Honda resurrected the Passport nameplate two years ago for use in its new five-passenger crossover based on the successful Pilot. After testing it against other midsize SUVs, we declared it our favorite of the bunch. While it doesn’t offer the off-road abilities of its forebears, the modern 2021 Honda Passport is a stellar performer on the pavement. Midsize crossovers are defined by cargo and passenger space, and the Honda Passport has both in spades. It offers noticeably more head- and legroom in both rows compared to its smaller sibling, the Honda CR-V, and there’s a bit more cargo room as well. The 3.5-liter V6 produces plenty of thrust yet delivers good fuel economy, both in EPA estimates and real-world driving. Rounding out the Passport’s list of admirable attributes are plush seats and an upscale cabin design. There are a few solid alternatives if you find yourself resisting the Passport’s call. The Hyundai Santa Fe was also redesigned for 2021, and its low base price and fuel-sipping four-cylinder engine are more cost-effective. The Ford Edge offers a refined driving experience, and its V6-powered ST model is faster than you might expect. Finally, the Toyota 4Runner is unparalleled with respect to its all-terrain capabilities. In 2021, Honda revived the Passport as an all-new two-row crossover based on the current-generation three-row Honda Pilot. With this resurrected nameplate entering only its third model year, we expect it to hit showrooms as a carryover model. Being a carryover model, we expect no notable changes when the 2021 Pilot hits showrooms. We believe it’ll arrive boasting the same Pilot-based looks but with some distinct separation from its donor vehicle. The Passport’s exclusive bits will include a shorter body and wheelbase, revised front and rear fascias, smaller taillights, and a few other nips and tucks that enhance its ruggedness. We also expect no changes inside the 2021 Honda Passport. We anticipate it rolling in with the same cabin design that virtually mirrors the Pilot, including a four-spoke steering wheel, a dash-wide gloss applique, a push-button transmission, an available 8-inch touchscreen infotainment system, and more. The only way to differentiate the Passport’s cabin from the Pilot’s is to look in the rear, as the Passport lacks the Pilot’s third-row seat.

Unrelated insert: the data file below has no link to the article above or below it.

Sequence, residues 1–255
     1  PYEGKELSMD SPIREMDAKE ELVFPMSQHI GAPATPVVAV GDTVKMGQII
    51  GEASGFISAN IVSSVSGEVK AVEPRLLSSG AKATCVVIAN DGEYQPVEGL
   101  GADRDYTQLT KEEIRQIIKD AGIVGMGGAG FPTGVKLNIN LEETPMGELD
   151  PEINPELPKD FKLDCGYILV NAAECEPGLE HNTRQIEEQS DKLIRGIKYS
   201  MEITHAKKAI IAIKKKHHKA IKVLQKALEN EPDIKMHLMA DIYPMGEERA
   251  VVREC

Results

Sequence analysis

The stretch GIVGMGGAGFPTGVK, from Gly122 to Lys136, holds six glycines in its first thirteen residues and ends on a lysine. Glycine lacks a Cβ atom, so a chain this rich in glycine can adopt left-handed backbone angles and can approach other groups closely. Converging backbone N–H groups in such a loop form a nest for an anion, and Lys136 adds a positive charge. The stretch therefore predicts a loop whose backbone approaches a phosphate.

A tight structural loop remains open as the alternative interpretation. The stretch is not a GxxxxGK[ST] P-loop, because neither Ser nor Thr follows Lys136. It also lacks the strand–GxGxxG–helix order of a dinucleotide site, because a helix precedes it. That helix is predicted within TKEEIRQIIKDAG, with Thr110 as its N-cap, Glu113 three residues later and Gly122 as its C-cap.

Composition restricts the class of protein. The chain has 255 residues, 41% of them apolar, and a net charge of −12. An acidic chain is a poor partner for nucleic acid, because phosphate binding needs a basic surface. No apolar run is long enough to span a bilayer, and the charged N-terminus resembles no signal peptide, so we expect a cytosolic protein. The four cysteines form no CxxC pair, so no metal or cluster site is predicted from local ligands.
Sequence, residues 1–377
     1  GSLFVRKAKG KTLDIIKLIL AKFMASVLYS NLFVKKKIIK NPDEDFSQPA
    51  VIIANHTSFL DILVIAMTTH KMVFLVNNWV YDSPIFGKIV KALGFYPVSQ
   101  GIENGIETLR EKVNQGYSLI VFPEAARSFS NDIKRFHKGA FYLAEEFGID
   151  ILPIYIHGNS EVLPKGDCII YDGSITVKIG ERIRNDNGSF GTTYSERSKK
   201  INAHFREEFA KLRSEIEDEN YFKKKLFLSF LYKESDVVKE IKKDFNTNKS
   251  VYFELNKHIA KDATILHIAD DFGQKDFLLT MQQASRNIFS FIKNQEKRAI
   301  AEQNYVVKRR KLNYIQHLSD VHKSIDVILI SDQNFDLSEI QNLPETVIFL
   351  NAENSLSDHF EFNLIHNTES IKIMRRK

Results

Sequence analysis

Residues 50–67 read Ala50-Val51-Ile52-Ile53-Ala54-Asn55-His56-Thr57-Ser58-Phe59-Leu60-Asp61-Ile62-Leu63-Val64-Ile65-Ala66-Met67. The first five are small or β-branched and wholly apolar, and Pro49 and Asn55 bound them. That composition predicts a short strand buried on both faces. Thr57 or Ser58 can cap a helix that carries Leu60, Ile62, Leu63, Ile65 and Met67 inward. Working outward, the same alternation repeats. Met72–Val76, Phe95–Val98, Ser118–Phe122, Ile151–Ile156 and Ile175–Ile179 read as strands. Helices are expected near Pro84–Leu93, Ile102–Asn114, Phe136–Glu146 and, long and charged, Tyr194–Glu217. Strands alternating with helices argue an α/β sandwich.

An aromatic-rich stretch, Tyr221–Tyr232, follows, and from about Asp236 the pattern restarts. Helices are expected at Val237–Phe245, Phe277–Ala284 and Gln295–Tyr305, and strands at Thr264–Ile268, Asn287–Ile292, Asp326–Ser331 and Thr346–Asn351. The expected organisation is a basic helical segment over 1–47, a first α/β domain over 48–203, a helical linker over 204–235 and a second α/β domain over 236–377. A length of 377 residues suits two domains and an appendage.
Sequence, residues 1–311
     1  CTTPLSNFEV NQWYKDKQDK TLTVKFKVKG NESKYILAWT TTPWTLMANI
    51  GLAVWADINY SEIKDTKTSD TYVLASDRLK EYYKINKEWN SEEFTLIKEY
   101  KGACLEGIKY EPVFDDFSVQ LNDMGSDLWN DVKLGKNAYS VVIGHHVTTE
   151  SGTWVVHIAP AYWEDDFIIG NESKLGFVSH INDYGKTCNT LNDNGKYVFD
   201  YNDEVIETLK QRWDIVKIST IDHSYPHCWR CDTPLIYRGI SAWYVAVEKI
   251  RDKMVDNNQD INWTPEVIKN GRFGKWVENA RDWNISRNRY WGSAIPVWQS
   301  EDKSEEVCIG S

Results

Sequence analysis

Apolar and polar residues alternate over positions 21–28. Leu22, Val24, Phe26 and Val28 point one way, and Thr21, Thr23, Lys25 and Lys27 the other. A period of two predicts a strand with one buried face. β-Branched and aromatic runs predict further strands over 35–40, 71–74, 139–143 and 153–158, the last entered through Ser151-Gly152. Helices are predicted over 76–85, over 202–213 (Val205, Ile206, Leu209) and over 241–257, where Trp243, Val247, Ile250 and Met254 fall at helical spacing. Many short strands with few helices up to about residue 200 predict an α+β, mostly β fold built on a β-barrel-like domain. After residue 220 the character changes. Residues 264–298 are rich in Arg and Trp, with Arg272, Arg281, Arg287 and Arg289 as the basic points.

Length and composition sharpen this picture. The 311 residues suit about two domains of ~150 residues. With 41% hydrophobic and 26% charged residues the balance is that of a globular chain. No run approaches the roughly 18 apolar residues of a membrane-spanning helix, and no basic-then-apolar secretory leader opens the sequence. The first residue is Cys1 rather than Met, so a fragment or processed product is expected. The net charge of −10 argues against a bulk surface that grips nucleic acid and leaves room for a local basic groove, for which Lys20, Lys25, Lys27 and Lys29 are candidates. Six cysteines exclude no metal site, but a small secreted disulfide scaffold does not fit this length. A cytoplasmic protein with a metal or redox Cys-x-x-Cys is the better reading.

Release date